Are Roth IRA Distributions Taxable?

Investing money in a Roth IRA affords you many benefits, namely your money growing tax free over time.

But when it comes time to take out your Roth IRA funds, are Roth IRA distributions taxable? And can you withdraw them without paying penalties?

Here’s the answer: Qualified Roth IRA distributions are tax free; nonqualified distributions may be subject to tax and penalty.

As a general rule, if you meet requirements for both age and length of time the account was open, your Roth IRA withdrawal will not be taxed. But, if you withdraw the funds before meeting those two requirements, this is not the case. Here are the standards used to determine if your Roth IRA distribution is taxed or not…

Your Roth IRA Distributions are Taxable When…

Note, the following discussion assumes your Roth IRA consists of contributions and earnings. If you converted a traditional IRA to a Roth IRA, the rules are a little different and discussed later on.

When you take a Roth IRA distribution, the withdrawal is considered to come first from contributions and then from earnings. Withdrawals of contributions are tax-free, regardless of your age or how old the Roth account is.

The earnings portion of your Roth IRA distribution is taxed:

  1. If you are under 59½, and/or
  2. You haven’t had a Roth IRA account open for more than five years. The five-year period starts when you make your first contribution to a Roth account.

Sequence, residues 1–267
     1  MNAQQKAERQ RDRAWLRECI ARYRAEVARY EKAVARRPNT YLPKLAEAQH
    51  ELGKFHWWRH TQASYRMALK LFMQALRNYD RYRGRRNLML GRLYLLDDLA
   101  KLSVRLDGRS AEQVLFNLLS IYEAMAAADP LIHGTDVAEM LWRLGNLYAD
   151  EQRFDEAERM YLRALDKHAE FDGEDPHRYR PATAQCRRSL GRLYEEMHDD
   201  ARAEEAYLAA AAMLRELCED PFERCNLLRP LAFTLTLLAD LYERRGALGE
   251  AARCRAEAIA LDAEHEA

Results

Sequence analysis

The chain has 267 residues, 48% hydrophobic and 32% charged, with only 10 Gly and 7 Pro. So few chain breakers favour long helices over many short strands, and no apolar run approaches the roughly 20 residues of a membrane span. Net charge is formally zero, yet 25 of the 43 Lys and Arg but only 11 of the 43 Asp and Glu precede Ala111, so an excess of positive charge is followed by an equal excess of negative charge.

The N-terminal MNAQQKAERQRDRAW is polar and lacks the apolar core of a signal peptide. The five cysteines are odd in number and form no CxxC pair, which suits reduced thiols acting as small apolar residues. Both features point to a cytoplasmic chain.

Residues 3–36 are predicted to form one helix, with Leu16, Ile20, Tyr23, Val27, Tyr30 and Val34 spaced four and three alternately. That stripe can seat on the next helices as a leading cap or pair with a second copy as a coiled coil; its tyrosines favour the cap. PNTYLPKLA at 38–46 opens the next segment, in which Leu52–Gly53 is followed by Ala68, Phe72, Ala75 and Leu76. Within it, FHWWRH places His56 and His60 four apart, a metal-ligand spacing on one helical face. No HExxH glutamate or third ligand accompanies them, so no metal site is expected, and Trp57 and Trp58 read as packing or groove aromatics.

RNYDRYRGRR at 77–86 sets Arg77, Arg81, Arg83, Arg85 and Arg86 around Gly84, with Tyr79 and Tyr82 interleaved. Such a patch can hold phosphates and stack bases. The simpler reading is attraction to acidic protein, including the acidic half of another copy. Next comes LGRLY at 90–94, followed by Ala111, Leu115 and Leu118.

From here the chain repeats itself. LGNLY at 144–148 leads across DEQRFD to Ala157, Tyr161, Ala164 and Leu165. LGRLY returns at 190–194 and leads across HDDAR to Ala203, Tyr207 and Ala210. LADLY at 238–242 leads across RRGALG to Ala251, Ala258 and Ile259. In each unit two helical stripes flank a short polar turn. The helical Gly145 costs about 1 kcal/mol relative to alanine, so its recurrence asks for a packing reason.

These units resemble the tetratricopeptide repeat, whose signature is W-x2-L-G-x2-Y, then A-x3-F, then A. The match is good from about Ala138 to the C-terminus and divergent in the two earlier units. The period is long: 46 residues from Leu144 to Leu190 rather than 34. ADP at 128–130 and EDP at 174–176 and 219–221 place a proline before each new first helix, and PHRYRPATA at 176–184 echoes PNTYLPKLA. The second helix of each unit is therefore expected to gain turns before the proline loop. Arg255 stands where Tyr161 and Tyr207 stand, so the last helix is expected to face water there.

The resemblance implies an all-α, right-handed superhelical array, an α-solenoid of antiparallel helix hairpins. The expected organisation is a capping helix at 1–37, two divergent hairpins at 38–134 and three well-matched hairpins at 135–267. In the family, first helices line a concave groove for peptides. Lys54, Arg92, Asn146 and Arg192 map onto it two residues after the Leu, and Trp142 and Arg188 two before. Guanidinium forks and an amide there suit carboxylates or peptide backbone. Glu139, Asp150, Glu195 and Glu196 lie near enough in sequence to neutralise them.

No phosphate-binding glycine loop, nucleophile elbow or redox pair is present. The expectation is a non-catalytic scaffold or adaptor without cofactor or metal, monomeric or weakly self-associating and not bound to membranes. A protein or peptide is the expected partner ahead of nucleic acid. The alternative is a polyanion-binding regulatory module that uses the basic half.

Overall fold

If both requirements are not met, the earnings portion of the withdrawal is taxed as ordinary income. If you are not yet age 59½, the taxable part of the withdrawal is also subject to a 10% penalty unless you are totally and permanently disabled, you inherited the Roth account, or another exception applies. See IRS Publication 590-B.

Your Roth IRA Distributions are Fully Tax-Free If…

If you meet the following requirements, upon withdrawing your Roth IRA funds, they will not be taxed if:

  1. You’re 59½ or older and have had your Roth for five years or more.
  2. You’re under the age of 59½ and have had your Roth IRA for 5 years or longer, but are taking the distribution because:
  1. You are disabled
  2. You inherited the Roth account
  3. The distribution is used to buy or rebuild a first home as described in IRS Publication 590-B.

Roth Account Funds Are Treated Differently If You Converted a Traditional IRA to a Roth

If you converted traditional IRA funds to a Roth, the converted amount is subject to tax if withdrawn before five years. The early withdrawal is taxed as ordinary income and is also subject to the 10% penalty unless you are age 59½ or one of the other exceptions mentioned earlier applies. Likewise, rollovers from other retirement accounts (such as a non-Roth 401(k)) must be held for at least five years to avoid tax and penalty consequences.

If your Roth IRA consists of both contributions and conversion or rollover amounts, any withdrawal is treated as coming first from contributions, then from conversion or rollover amounts, and finally from earnings.

Each conversion or rollover is subject to a new five-year holding period.

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